Tuesday, September 12, 2017

It is really hard to replicate human autoimmune diseases in mice

A new study in PNAS highlights the challenges scientists face when trying to reproduce human diseases in mice.  

Here, the authors tried to reproduce human type I diabetes by creating humanized mice by transplantation of HLA-DQ8+ human fetal thymus and CD34+ stem cells into immunodeficient mice (to recreate human immune system in mouse) followed by transfer of autologous [hu-mice]-derived HLA-DQ8/insulin-B:9–23 specific TCR transduced human CD4+ T cells and followed by two successive low doses of streptozotocin (a chemical to damage islet β cells and release auto-antigen).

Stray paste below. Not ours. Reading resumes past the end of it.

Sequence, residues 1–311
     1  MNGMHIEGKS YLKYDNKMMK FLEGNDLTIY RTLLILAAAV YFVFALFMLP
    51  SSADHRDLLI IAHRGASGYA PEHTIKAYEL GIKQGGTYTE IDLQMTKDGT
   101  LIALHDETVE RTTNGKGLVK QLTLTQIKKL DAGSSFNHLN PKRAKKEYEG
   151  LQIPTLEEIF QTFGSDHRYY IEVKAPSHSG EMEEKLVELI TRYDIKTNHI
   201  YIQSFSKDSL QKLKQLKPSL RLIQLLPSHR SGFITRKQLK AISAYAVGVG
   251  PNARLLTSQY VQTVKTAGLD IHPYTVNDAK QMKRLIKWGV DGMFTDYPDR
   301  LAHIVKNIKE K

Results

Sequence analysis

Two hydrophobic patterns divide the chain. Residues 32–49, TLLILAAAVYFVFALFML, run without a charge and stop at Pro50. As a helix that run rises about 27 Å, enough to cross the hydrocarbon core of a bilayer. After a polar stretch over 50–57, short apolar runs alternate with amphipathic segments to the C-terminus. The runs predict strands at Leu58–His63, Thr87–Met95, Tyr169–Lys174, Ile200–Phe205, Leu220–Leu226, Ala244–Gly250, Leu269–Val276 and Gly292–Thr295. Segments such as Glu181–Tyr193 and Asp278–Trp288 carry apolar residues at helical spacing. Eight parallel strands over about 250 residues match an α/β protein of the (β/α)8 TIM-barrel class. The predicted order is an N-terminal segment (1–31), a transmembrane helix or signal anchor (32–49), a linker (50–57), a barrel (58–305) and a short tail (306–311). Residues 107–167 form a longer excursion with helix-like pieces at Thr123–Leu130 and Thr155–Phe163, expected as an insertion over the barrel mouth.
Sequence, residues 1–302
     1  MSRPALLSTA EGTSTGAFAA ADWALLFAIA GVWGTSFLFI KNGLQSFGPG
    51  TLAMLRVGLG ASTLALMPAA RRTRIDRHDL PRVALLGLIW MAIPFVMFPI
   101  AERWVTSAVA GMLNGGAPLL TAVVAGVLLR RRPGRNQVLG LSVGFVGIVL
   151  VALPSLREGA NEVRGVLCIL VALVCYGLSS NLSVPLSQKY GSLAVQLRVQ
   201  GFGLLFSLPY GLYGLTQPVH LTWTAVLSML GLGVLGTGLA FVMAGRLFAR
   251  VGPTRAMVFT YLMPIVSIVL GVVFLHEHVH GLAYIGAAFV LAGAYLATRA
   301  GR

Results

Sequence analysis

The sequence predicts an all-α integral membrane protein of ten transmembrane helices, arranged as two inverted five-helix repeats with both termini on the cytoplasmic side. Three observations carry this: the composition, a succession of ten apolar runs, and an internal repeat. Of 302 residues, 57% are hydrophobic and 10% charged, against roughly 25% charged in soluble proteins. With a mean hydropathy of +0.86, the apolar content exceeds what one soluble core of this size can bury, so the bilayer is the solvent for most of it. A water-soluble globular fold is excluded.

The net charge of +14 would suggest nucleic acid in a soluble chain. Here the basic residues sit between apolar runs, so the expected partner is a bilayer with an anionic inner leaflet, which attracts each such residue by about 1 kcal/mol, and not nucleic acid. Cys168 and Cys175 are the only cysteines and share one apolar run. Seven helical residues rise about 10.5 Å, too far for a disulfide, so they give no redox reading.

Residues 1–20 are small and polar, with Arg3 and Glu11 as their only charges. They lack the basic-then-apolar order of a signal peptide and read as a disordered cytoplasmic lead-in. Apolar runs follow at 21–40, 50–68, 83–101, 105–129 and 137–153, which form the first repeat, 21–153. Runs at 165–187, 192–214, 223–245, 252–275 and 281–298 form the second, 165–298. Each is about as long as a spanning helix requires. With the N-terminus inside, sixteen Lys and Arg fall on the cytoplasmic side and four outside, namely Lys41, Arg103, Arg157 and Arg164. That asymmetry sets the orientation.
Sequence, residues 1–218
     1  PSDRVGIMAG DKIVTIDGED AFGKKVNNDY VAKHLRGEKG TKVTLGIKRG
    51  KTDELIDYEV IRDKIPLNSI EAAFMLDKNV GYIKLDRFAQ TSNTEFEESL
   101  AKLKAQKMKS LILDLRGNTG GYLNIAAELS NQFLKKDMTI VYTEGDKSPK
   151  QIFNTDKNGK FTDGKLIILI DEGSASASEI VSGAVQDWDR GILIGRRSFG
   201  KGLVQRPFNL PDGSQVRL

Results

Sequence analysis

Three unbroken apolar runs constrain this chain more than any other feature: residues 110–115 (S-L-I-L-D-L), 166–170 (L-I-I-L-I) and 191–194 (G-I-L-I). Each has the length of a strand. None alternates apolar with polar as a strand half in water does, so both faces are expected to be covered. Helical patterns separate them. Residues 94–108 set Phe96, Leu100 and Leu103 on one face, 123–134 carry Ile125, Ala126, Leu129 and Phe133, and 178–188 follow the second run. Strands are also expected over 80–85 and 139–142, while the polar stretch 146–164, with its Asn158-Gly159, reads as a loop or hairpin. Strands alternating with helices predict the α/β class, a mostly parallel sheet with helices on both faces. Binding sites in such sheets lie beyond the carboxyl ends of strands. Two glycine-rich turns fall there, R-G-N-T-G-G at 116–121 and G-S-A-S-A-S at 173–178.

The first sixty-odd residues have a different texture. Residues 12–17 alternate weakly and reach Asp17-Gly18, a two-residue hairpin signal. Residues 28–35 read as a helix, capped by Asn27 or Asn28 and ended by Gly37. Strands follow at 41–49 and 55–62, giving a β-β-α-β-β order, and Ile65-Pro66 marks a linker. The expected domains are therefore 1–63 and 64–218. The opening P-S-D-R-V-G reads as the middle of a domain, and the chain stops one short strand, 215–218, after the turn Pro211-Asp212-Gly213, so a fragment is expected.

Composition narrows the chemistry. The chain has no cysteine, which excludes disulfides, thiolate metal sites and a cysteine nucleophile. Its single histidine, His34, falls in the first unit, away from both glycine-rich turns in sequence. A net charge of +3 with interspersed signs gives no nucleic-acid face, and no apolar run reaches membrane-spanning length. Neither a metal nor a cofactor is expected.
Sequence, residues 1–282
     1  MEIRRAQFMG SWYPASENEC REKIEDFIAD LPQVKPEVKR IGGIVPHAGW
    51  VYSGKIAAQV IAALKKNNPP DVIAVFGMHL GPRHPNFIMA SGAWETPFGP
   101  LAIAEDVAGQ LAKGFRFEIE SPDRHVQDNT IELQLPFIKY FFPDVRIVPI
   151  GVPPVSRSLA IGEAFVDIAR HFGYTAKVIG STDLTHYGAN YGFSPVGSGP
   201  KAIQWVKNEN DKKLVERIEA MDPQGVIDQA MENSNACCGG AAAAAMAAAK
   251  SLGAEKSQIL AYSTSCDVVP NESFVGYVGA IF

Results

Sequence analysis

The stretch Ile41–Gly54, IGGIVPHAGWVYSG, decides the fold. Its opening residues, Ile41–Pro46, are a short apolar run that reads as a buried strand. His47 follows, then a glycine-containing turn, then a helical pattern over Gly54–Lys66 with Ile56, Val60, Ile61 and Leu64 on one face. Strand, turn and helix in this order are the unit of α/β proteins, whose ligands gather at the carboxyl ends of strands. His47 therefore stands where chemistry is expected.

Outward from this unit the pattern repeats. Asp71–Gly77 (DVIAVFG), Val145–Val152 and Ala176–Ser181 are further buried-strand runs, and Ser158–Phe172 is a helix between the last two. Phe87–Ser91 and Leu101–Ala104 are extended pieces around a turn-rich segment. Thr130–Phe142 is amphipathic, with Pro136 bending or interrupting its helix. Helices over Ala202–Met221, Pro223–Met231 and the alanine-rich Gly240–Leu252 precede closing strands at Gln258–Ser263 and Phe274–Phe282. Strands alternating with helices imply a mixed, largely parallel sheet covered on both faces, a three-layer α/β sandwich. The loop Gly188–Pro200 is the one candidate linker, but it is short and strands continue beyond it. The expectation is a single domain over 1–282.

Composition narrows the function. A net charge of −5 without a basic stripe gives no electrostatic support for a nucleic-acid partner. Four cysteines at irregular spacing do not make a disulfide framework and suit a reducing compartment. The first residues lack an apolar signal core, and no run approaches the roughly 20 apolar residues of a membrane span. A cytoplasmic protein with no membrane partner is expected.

However, even these steps were not enough to induce diabetes in hu-mice. Only immunization with insulin B:9–23 peptide + adjuvant (HLA class II-restricted T-cell response to InsB:9–23 peptide is highly associated with T1D in humans) in addition to above mentioned "conditioning" were able to induce diabetes in hu-mice.

No one really knows how autoimmune diseases are initiated in humans and these study shows that it is really hard to "reproduce" it in mice. Of course, it is not known what factors could play the role of "streptozotocin" and "B:9–23 peptide immunization" in natural context in humans. 

posted by David Usharauli

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